PETALING JAYA: It’s not going to be easy being a top player when the revised Badminton World Federation (BWF) World Tour begins next year.
Players like national No. 1 Lee Chong Wei and China’s Lin Dan and Chen Long must play in a minimum of 12 Open tournaments to avoid being penalised.
Under the new structure, it is compulsory for the top 15 men’s singles players and top 10 men’s doubles players in the world to compete in selected tournaments.
“They will be fined if they don’t show up,” said Badminton Association of Malaysia (BAM) secretary Datuk Ng Chin Chai.
“The new structure offers bigger prize money and better quality of competitors, but it will also be hectic for the players – especially the top ones,” he said.
The tournament’s structure will be divided into different grades and levels.
Grade One comprises all major tournaments, like the Olympics, Thomas-Uber Cup Finals, Sudirman Cup, Asian Games, Commonwealth Games and World Junior Championships.
Grade Two will have several levels.
Level One is for one tournament – World Tour Finals (formerly known as the World Superseries Finals).
Level Two is for three tournaments – All-England, Indonesian Open and China Open (formerly known as the Premier Superseries).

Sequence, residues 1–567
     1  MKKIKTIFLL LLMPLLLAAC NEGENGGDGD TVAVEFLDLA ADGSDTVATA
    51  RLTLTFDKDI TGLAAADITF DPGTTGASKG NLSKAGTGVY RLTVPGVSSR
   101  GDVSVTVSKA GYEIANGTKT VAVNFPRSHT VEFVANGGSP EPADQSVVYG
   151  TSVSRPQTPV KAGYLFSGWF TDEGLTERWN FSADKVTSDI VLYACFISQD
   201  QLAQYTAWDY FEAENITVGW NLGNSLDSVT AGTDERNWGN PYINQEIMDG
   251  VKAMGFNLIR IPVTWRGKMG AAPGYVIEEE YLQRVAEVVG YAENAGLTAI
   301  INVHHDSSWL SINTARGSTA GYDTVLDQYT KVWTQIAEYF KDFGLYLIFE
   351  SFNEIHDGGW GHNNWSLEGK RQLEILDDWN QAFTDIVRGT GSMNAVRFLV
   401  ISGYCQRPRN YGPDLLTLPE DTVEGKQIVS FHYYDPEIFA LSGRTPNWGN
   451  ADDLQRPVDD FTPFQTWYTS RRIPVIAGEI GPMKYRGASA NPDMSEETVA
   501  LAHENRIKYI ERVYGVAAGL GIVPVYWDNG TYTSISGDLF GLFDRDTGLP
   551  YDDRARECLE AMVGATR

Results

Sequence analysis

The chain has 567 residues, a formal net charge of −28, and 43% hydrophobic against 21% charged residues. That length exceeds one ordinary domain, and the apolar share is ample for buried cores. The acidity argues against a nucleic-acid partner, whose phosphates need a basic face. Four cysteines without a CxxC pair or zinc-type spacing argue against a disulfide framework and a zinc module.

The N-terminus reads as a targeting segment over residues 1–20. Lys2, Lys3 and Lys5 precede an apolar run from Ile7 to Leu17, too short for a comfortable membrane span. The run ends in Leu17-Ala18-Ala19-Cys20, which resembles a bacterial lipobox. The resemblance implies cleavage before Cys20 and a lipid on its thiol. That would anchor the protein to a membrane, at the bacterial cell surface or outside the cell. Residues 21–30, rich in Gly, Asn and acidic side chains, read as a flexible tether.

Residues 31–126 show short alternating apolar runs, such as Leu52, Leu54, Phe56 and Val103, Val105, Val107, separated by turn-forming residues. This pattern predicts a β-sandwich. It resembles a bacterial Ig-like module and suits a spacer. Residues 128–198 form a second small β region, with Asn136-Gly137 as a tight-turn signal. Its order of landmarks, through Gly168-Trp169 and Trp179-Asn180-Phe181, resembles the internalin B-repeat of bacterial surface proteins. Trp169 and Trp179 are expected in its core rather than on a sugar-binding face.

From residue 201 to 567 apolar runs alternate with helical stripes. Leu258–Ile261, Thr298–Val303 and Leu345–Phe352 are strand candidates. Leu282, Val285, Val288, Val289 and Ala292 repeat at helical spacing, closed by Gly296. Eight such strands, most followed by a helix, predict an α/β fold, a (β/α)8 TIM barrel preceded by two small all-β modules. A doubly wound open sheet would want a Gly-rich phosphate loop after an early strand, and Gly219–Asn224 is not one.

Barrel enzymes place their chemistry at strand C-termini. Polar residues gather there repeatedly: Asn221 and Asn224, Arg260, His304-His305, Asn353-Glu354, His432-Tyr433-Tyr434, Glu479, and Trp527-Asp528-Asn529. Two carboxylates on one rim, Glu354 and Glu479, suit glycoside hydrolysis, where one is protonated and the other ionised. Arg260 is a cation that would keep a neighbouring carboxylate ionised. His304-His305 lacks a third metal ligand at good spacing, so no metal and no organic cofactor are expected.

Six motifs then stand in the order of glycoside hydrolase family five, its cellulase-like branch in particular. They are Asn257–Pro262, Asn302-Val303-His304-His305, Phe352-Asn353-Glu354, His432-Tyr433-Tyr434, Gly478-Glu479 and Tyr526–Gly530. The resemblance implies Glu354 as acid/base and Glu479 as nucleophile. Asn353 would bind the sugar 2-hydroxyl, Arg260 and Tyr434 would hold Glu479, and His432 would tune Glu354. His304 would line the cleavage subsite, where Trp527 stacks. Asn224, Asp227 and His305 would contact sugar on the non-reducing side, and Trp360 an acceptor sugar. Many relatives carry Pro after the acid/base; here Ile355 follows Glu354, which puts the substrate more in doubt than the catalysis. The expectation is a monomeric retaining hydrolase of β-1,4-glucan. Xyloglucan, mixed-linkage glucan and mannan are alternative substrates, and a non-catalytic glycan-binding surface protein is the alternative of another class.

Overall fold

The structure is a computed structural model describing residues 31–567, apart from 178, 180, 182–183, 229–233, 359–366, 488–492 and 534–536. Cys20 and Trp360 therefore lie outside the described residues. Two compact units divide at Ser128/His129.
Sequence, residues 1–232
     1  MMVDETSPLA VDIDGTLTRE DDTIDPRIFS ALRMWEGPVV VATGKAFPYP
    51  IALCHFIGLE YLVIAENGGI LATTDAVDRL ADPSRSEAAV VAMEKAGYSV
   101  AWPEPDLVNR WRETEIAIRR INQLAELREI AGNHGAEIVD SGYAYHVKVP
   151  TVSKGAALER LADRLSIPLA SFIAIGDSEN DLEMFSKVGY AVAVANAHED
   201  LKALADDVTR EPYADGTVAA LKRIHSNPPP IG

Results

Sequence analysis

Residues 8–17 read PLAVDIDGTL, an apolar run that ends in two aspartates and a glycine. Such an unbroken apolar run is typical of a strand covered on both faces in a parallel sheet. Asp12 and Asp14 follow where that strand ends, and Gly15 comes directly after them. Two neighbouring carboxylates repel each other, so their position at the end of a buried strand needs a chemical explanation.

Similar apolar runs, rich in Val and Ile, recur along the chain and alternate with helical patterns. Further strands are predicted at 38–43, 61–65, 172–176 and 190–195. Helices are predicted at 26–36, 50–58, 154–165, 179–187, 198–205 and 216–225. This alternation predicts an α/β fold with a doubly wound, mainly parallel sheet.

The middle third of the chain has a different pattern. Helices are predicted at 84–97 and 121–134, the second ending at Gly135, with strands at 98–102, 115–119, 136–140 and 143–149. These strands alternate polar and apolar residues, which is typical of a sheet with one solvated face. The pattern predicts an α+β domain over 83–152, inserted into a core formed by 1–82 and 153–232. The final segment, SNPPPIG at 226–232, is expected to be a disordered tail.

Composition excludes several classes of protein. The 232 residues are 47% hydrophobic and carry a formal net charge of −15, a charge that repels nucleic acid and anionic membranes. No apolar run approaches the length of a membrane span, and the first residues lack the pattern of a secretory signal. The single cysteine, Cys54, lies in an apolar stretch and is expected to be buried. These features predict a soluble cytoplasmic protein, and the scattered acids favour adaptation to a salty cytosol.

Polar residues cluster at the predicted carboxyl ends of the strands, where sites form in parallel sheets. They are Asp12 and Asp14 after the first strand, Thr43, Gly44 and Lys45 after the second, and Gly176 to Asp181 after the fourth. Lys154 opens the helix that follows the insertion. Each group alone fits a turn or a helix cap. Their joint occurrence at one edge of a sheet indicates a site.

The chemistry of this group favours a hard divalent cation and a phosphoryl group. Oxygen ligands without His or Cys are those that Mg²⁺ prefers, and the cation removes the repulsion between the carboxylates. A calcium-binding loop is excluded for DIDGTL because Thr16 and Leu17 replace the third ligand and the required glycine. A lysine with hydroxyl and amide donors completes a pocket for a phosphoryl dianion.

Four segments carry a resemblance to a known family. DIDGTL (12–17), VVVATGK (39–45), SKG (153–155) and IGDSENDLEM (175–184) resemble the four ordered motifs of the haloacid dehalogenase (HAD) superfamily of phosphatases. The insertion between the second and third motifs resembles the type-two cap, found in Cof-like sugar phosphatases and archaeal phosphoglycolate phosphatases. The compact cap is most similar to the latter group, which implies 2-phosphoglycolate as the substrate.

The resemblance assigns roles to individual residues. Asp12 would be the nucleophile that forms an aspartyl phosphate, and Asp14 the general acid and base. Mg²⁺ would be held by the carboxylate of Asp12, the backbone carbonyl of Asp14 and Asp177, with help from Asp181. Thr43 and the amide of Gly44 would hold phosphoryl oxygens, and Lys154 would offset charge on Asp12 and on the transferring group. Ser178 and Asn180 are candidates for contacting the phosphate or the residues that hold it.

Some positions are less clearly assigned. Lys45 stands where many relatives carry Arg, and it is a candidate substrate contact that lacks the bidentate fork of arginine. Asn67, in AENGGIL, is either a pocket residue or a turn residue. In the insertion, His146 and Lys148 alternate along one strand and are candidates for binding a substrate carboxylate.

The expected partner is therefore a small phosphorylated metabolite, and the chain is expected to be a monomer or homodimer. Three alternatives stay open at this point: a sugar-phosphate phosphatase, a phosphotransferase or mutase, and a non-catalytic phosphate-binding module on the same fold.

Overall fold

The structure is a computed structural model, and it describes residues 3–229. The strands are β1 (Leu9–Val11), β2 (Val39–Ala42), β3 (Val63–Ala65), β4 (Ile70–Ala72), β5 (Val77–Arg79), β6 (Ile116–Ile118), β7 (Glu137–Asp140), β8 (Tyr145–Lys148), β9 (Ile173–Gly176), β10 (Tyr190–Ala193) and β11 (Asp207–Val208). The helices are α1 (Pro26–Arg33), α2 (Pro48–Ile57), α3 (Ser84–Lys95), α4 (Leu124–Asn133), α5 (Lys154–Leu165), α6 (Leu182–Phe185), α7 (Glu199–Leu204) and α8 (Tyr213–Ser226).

Level Three is for five tournaments – Malaysian Open, China Open, Denmark Open, France Open and Japan Open (formerly known as the Superseries).
Level Four is for seven tournaments, including Malaysian Masters (formerly known as a Grand Prix Gold event); Level Five is for 11 tournaments (formerly known as the International Satellite and Challenge); and Level Six (numbers to be decided by BWF, continental tournaments).
The qualifying tournaments (draw of 16) have been scrapped for Level Two and Level Three tournaments. This means only the best 32 players in the world will get to play in all five events.
The qualifying tournament for Level Four will be limited to only eight players instead of 16.
“It’s compulsory for a top-15 player like Chong Wei to play in all three Level Two and all five Level Three tournaments. He then has to play in at least four Level Four tournaments. That’s a minimum of 12,” said Chin Chai.
“Then there is their ‘national duty’ to play in the Thomas Cup, Commonwealth Games and other majors. It’ll be challenging for the players although the monetary reward has improved.”
The season’s final is worth US$1.5mil (RM6.65mil). The minimum prize money for Level Two tournaments is US$1mil (RM4.43mil) while that for Level Three is US$700,000 (RM3.10mil).
Chin Chai said that the abolition of the qualifying tournaments would make it hard for lower-ranked players to play in big tournaments.
“BWF have decided to do away with the qualifying tournament because it takes time. They also want to ensure quality competitions to give spectators their money’s worth,” he said.
Chin Chai was also happy with BWF for taking on board BAM’s proposal to try out the new service rule from March 1, beginning with the All-England in Birmingham (March 14-18).
Under the new service rule, the whole of the shuttle must be below 1.15m from the surface of the court at the moment it touches the server’s racquet.